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Ever Wonder About Forsythia?

On my springtime strolls through the neighbourhood with my dog, I have been noticing many explosions of yellow. Our family had one of these bushes in our backyard. But more than their flowers, the thing I remember about them was their bark, which was covered in little bumps. When I was a kid, this really bugged me for some reason, which may or may not say something about my personality. I thought that maybe little insects hid in them, like galls. I would scrape off the bumps but never found any insects. Finally, all these years later, I've decided to scratch that mental itch of what those things are.

By any other name

Forsythia, I have since found out, is the genus of flowering plants comprising of thirteen species and some hybrids in the olive family, mostly native to eastern Asia. It was named after William Forsyth. Another thing that bugs me is a scientific name based on a person, because then it doesn't give you any hints about the group itself. However, he was a royal head gardener and founding member of the Royal Horticultural Society, so I guess he was deserving of some recognition. 

Breathe bumps

Anyway, back to the bumps. The short answer is that they are called lenticels, which are openings for gas exchange in the woody stems of these plants. They are openings for the exchange of gases, like our nose and mouth. Leaves have openings called stomata. So other plants have lenticels, but not always so conspicuously. The lines on birch bark and cherry trees, another thing I have wondered about, are also lenticels. And the specks on the surface of apples and pears are lenticels.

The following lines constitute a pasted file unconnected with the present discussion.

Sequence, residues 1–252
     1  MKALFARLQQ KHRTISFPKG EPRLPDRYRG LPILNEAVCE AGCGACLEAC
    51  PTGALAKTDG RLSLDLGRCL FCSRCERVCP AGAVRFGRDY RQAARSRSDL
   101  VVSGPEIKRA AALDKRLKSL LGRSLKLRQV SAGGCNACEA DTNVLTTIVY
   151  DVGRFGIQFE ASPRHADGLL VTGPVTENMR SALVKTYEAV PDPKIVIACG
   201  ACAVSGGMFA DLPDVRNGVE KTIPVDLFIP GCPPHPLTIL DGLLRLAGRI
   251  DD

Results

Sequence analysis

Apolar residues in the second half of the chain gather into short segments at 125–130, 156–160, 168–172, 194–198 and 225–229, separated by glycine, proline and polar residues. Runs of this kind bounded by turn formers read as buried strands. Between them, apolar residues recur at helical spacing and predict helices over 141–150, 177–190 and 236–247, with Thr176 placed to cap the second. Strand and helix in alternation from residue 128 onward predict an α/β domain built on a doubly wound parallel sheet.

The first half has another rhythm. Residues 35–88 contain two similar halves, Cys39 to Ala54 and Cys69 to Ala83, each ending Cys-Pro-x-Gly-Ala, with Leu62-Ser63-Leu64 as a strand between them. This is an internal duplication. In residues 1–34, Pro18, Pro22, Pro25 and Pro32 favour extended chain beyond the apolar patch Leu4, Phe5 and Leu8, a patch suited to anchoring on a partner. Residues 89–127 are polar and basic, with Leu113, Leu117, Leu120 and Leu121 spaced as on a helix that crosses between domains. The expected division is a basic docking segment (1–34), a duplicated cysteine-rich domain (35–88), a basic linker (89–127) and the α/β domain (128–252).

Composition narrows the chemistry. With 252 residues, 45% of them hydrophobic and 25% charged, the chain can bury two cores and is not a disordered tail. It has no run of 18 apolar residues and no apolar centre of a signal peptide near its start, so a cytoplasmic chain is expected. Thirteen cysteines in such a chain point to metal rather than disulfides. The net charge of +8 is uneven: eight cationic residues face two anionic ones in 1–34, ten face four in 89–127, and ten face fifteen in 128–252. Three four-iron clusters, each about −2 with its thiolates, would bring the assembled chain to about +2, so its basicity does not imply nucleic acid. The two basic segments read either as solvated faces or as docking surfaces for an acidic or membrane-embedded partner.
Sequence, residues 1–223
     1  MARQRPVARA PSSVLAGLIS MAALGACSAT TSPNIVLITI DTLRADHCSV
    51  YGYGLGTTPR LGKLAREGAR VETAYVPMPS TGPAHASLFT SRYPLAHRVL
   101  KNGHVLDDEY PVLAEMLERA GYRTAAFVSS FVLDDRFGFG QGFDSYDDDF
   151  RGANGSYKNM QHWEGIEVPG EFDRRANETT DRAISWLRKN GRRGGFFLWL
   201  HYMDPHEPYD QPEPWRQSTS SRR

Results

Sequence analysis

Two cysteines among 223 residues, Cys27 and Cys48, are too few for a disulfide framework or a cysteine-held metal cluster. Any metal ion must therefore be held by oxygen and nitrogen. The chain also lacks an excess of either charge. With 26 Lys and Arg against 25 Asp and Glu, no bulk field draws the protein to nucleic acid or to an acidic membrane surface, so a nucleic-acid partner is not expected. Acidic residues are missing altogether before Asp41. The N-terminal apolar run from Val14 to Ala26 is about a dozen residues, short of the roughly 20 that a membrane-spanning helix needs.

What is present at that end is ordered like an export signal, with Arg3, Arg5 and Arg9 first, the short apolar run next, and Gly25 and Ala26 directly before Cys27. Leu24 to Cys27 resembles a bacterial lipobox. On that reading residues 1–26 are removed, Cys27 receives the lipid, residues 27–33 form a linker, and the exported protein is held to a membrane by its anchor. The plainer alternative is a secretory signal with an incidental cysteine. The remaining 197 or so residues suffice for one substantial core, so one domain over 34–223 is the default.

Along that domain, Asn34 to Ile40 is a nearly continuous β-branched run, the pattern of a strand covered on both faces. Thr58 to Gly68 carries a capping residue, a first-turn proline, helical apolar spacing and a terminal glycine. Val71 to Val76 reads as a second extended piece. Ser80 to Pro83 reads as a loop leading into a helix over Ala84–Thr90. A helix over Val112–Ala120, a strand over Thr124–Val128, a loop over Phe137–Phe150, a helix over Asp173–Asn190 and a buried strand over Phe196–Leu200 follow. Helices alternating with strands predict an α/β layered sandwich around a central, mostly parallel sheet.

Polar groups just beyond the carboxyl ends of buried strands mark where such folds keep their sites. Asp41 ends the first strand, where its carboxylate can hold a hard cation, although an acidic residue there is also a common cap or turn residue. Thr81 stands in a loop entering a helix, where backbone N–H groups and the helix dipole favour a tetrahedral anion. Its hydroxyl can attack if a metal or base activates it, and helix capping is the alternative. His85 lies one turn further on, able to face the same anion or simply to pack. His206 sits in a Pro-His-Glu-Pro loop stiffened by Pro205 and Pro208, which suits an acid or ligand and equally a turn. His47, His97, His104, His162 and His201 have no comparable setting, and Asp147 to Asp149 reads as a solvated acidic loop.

Reasons to be

But why do Forsythia have so many lenticels? I couldn't find an answer. It might be that it is a bad question. It might be that Forsythia do not really have more than other plants. But I couldn't find data on that. So I will suppose that they do have a lot of lenticels and speculate on why.

Some species of Forsythia have green stems. So they probably have chlorophyll in the bark and need these openings to exchange the gases. If this were a primitive state, then maybe the ones without stems still have the lenticels as leftovers. Also, their flowers come out in great abundance before the leaves. Maybe they need the lenticels for the gas exchange before the leaves come out.

I look forward to hearing from people who know something about botany to share some insights on this question. In the meantime, enjoy the flowers!

Are you interested in learning more about flowers? Read another article, Ever Wonder About Daffodils?, or drop by and visit our outdoor Ken Spencer Science Park.